RiP little bunny

Breeding Angora rabbits and the problems

When the doe is ready to produce it is down to her and it is not always straight forward. The doe produces a litter, but often can scatter babies across the hutch during this process, especially if she is a first time mother. If she has made a nest but fails to put the babies in it then quietly lift her out, check her over, and give her a titbit first. Then put any live babies in nest and remove any dead ones. You can warm up any that are still moving slightly by warming them in your hands or on a heat pad and then return them to the nest once warm. In the meantime put the doe back with the live and warm babies which are now safely in the nest and give her more treats then leave her to rear her babies.

Check on the doe and babies again later and if after about twelve hours the babies are cold to the touch, it is unlikely she is going to rear them. Take her out and see if she has milk, buy squeezing her teats gently. If she doesn’t, you have three options.

  1. Another doe with a litter
  2. Another doe who is an excellent mother
  3. Hand rear

Surrogate mother

So if you have another doe with a small litter or is an excellent mother, then rub a couple of the babies in her dirty corner and add them to her nest. After first taking her out and giving her a treat. She should accept them as her own unless the babies have a problem, which does seem to know.

Hand rearing

The other option is to try to hand rear, but this is time consuming, difficult and hardly ever successful without the help of the doe herself. If the doe has some milk, then turn her upside down and try to get the baby to feed. You will need to keep the babies warm, either with a hot water bottle or an electric heat pad. Both work well.

If she doesn’t, your only hope is try using cimicat (a prepared baby food for cats), you can get it from a vet or online vet store. This should be administered every two hours as it is no where near as good as the mothers milk (does feed once a day). This can be given by a dropper very slowly as if the baby gets too much too quickly it will go into its lungs and drown. Wipe the rear end with a damp tissue after feeding to encourage it to go to the toilet. It is a good idea to weigh the baby before you start and after each feed, as if it is not gaining weight it will not survive. They usually die within a week if the food is not enough.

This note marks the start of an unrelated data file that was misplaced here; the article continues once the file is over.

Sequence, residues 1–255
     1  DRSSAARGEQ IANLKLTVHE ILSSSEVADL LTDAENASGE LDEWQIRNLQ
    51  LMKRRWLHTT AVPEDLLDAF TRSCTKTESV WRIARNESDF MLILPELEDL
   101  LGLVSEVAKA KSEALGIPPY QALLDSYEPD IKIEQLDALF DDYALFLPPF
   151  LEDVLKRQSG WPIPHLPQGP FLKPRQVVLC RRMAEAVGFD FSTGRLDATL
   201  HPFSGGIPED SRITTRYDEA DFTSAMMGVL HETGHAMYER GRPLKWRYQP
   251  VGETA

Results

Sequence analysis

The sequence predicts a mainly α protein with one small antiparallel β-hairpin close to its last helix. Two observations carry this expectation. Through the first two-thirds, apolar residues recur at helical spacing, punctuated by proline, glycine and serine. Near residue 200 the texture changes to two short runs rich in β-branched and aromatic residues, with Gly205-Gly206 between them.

This little bunny was born on a Tuesday and his mother was unable to rear him and no other doe was able to take him on. Hand rearing was tried and he valiantly managed to survive a week and passed away the following Tuesday.

These babies have a very slim chance of making it. It is much more successful if the baby is over ten days. Once they reach fourteen days try offering a bowl of milk, some grass chopped up small or kale. They should have been offered hay or readigrass,and a dish of water.

Other common problems

Doesn’t Pull Fur and make a nest

If the doe fails to make a nest by pulling out her own wool then it is useful to always keep some spare short wool from clipping a doe and use this to line a nest for the doe if she doesn’t. Sometimes maiden does are unsure what to do as their hormones come in a bit late. You can always give her a bowl of cows milk to encourage her to drink and hopefully produce milk.

Pulls fur on the eighteenth day

If the doe starts to pull fur on the eighteenth day this is usually a sign the doe is having a phantom pregnancy. Wait a day then remate her. If she objects don’t leave her with the buck, it may be that she is starting early.

Sadly it is not easy breeding Angora rabbits without the knowledge that you will lose a few babies during this time so be prepared for this and also seek advice from other Angora rabbit breeders before starting on this journey as they can help share their experiences.